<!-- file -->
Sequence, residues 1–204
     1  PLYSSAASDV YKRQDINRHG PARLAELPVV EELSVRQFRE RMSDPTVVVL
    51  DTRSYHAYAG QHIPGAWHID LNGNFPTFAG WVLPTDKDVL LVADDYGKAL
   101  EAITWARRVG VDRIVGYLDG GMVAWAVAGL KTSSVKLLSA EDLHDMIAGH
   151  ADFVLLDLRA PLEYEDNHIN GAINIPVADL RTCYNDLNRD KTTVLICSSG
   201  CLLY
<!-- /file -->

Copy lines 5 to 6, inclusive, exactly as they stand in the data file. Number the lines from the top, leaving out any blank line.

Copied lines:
   151  ADFVLLDLRA PLEYEDNHIN GAINIPVADL RTCYNDLNRD KTTVLICSSG
   201  CLLY